Israel's air force held a large-scale exercise simulating war on several fronts with enemies that include Iran, Israeli defense officials said Friday.

The practice this week involved Israel's entire air arm and was meant to prepare for an all-out war, including missile attacks aimed at Israeli cities, the officials said. It lasted four days, ending Thursday.

Israel periodically conducts such exercises. The officials spoke on condition of anonymity because the details of the exercise were not made public.

The military said it was part of its annual training program, using the word "routine" twice in a brief statement sent to reporters.

But it comes at a time of increasing friction surrounding Iran's nuclear program, which Israel believes is aimed at producing a nuclear weapon it sees as an existential threat.

Israel has said it prefers to block the Iranian threat through diplomacy, but will not rule out a military strike.

The military said the exercise included both regular army personnel and reservists, releasing no further information. Israel plans a nationwide exercise next month simulating missile attacks aimed at civilians.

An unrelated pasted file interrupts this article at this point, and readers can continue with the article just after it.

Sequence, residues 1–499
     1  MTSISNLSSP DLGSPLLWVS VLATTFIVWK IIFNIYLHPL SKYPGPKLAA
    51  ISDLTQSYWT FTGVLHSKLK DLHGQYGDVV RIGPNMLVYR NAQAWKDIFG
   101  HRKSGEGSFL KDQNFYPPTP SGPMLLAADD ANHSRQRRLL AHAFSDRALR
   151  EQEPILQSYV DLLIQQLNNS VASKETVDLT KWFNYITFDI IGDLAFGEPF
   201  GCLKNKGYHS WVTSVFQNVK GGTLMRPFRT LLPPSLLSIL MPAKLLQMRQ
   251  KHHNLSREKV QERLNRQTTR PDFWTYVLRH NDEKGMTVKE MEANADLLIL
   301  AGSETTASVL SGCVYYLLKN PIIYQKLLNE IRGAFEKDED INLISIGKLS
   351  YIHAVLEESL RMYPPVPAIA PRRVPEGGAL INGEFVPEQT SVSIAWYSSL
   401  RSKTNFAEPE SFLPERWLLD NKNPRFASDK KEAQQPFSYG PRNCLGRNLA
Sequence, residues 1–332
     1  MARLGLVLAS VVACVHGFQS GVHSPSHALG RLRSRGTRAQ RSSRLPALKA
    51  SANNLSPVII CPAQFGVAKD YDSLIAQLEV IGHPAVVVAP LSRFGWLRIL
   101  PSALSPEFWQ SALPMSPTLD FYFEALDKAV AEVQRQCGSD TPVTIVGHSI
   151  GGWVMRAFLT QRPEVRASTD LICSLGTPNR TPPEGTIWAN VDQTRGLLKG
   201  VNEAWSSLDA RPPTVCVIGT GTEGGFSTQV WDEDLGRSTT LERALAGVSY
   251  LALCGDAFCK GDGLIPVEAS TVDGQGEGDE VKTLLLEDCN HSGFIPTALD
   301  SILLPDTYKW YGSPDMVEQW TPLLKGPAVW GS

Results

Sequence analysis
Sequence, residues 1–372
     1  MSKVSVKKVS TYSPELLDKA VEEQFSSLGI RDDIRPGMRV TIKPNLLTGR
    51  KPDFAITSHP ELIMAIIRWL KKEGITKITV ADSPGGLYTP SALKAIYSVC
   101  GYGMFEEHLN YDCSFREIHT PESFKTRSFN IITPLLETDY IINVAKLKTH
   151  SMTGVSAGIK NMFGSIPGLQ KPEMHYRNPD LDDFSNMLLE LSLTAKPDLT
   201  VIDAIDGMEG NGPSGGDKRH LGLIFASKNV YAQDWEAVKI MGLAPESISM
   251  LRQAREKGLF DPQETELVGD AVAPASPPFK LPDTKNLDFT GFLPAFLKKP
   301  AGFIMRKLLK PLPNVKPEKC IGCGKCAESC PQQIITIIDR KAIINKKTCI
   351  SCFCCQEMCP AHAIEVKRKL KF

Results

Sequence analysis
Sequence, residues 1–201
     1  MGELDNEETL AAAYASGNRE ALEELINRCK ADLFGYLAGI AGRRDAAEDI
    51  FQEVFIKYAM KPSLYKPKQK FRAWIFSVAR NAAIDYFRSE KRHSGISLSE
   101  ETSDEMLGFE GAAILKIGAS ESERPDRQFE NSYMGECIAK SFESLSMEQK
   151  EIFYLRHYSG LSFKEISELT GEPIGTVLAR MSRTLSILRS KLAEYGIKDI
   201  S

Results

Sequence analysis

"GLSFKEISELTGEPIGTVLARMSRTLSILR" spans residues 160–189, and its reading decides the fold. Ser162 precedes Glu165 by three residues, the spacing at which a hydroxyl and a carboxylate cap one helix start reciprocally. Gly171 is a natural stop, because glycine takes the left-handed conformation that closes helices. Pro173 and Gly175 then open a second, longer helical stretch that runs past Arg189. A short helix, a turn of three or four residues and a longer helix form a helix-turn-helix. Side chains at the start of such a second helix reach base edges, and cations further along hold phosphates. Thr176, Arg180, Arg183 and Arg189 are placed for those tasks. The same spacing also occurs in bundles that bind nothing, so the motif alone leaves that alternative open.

On Wednesday, Iran test-fired a new rocket, the Sajjil-2, which it claims has a range of 1,200 miles — meaning it could easily reach Israel. Iranian President Mahmoud Ahmadinejad, who is seeking re-election next month, has suggested in the past that Israel should be "wiped off the map."

Israeli officials lauded the exercise.

"I visited the exercise and was very impressed," lawmaker Tzahi Hanegbi, who heads the Israeli parliament's defense committee, told Army Radio on Friday. "It's no secret that the time for decisions is approaching, in all of the world's leaderships."

Defense Minister Ehud Barak called the maneuver "important."

"What we saw strengthens our certainty that we have people we can depend on," Barak said in a statement.

Iran was one of the main topics of discussion at the White House this week when Israeli Prime Minister Benjamin Netanyahu and President Barack Obama held their first meeting.

The new U.S. administration has said it will engage Iran, reversing the policy of the Bush administration. At the same time, the new U.S. leadership is threatening to pursue more international sanctions against Iran if those efforts fail.